And flies toward the bee tree;
And the frock shines up -
He flies toward the bee tree.
And thousands also fall on the road:
Thousands are coming home
And they will endeavor and care
And fly to the bee tree.
Juhan Liiv - Ta lendab mesipuu poole (1910)
Ta lendab lillest lillesse
ja lendab mesipuu poole;
ja tõuseb kõuepilv ülesse —
ta lendab mesipuu poole.
Ja langevad teele ka tuhanded:
veel koju jõuavad tuhanded
ja viivad vaeva ja hoole
ja lendavad mesipuu poole.
Kuis süda mul tuksud sa rahuta,
kuis kipud sa isamaa poole!
Kesk kodumaad — siiski nii koduta,
mis ihkad sa tema poole!
kuis püüad sa välja kahtlusest,
kuis ikka leiad sa tema eest,
kuis rõhub rusuja voole
sind, tungides tema poole!
Oh sina, kes oled sa väljamaal,
kuis õhkad sa isamaa poole!
kes väljamaal oled raskel a'al —
kuis ihkad sa tema poole!
Ja puhugu vastu sul surmatuul
ja lennaku vastu surmakuul —
hing tõuseb isamaa poole!
Ei ole sa, süda, väljamaal,
kust ihkaks sa kodu poole.
Sa oled kodu, kesk isamaa raal
ja otsid teed tema poole.
Teed otsin, oh teed otsin ma
ja suren ja ärkan tund tunniga:
kuid kuhu mind viskab ka voole:
hing tõuseb säält sinu poole.
Monday, 3 July 2017
So much joy filled the streets of Tallinn over the weekend during the 12th Youth Song and Dance Festival. There were many smiles, flowers, Estonian flags and beautiful clothes seen everywhere that it was easy to get carried away by the amazing atmosphere.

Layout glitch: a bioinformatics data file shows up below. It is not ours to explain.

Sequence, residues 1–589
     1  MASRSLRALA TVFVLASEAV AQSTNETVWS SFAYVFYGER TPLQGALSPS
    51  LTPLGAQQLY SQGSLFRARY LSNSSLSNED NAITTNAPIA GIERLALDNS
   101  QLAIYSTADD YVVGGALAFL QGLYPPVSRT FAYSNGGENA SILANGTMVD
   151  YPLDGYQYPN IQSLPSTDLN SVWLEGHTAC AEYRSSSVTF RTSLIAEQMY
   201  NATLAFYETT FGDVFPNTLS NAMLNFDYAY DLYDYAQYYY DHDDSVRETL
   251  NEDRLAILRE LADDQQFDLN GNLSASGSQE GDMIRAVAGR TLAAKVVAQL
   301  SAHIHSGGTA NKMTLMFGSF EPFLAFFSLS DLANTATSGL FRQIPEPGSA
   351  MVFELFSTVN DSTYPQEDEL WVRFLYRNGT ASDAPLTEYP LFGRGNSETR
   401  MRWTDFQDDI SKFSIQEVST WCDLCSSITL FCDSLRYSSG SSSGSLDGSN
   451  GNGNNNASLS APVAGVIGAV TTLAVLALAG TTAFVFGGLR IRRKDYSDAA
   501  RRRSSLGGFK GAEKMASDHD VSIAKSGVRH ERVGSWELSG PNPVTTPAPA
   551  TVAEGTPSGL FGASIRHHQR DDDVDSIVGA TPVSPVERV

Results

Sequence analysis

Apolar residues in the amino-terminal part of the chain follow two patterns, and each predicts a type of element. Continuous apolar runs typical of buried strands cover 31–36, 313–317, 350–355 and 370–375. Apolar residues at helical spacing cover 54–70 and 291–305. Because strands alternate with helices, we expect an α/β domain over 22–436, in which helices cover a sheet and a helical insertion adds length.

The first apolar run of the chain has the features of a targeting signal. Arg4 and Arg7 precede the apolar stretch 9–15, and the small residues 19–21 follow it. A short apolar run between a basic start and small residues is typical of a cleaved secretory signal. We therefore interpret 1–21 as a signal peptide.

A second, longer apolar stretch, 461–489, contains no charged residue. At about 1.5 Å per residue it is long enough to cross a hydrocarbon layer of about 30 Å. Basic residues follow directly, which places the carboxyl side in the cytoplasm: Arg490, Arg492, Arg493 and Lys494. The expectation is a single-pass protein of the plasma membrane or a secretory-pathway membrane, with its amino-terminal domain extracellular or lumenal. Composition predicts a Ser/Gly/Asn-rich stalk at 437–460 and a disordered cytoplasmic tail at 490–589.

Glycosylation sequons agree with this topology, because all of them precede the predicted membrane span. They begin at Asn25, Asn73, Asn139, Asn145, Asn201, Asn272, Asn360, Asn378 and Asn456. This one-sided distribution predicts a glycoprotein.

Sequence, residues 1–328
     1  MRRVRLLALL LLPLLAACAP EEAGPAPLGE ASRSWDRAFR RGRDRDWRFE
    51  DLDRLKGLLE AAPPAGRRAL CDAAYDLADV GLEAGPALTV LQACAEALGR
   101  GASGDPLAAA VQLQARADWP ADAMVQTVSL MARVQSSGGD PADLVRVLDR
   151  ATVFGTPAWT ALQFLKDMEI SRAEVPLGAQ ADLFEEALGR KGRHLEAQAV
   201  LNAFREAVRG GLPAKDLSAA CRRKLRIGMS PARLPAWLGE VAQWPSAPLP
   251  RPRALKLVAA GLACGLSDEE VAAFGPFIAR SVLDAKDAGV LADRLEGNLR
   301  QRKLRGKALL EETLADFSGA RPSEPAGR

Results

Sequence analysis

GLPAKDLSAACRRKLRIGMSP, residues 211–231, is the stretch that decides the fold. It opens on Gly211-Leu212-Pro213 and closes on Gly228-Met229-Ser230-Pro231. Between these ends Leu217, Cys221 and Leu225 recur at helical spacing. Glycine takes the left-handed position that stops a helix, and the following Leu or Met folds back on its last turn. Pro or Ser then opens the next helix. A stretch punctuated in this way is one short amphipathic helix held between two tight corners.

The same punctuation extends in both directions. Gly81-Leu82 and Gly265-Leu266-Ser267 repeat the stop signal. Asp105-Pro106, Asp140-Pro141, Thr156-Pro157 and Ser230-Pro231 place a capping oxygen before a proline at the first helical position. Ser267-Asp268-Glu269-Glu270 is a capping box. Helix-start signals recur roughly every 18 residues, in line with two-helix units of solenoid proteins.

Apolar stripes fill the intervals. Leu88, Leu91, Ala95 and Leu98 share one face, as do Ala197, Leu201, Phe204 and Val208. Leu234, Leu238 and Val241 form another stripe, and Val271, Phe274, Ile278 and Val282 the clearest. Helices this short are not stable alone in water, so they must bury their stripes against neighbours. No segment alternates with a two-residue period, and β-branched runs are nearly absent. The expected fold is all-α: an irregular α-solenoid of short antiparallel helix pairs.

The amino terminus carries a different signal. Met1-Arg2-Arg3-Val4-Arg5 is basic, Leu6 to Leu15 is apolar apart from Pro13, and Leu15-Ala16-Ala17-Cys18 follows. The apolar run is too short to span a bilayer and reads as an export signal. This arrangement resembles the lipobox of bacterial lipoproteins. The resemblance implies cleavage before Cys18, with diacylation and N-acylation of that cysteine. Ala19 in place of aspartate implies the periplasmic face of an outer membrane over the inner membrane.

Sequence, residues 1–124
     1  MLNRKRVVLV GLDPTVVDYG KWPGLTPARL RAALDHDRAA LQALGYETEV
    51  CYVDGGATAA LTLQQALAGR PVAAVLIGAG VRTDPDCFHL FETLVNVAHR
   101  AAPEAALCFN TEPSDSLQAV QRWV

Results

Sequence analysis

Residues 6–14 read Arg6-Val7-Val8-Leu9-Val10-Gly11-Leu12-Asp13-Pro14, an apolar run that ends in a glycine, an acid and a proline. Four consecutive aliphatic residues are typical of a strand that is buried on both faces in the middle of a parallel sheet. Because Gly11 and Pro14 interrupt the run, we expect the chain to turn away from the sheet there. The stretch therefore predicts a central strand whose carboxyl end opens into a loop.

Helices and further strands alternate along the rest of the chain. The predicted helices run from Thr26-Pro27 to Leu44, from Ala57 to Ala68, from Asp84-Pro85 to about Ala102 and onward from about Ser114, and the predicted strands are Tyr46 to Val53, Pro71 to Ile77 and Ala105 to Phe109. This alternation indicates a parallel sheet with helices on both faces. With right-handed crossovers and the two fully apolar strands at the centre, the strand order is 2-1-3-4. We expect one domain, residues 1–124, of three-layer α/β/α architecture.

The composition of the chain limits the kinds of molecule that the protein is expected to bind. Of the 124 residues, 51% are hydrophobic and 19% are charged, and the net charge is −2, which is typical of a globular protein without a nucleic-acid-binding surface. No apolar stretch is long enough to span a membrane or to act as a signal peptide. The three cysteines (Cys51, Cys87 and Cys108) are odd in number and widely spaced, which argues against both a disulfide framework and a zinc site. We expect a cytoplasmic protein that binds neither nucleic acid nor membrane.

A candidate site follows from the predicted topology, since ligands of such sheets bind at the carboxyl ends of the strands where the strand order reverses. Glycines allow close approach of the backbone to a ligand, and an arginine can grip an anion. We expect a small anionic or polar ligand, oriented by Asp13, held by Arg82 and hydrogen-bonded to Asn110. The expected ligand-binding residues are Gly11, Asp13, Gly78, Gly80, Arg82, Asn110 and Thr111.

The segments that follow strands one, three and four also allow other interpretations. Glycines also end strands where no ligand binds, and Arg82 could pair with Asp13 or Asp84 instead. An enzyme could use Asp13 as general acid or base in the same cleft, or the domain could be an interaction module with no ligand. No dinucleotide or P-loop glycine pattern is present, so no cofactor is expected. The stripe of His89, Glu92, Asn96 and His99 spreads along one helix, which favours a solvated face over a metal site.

This year's theme of the Youth Song and Dance Celebration is 'Mina Jään' - Here I`ll stay.
Nearly 40,000 performers shared their love of song, dance and the Estonian homeland at the festival.
Estonian youth choirs from 17 countries participated in the event.
The beautiful tri-colour Estonian flag waved with pride.
Despite the rain on Saturday and the cancellation of the second show, some dancers decided to carry-on and did a spontaneous performance at Freedom Square.
Performers range from the age of 7 - 27 years.
The song and dance festival is a truly wonderful Estonian tradition dating back to 1869. In 2019 we will see some more amazing performances at the adult version of the festival. 2019 will mark the 150th anniversary of the Estonian Song Festvial
If you missed this year's song festival, you can watch it here: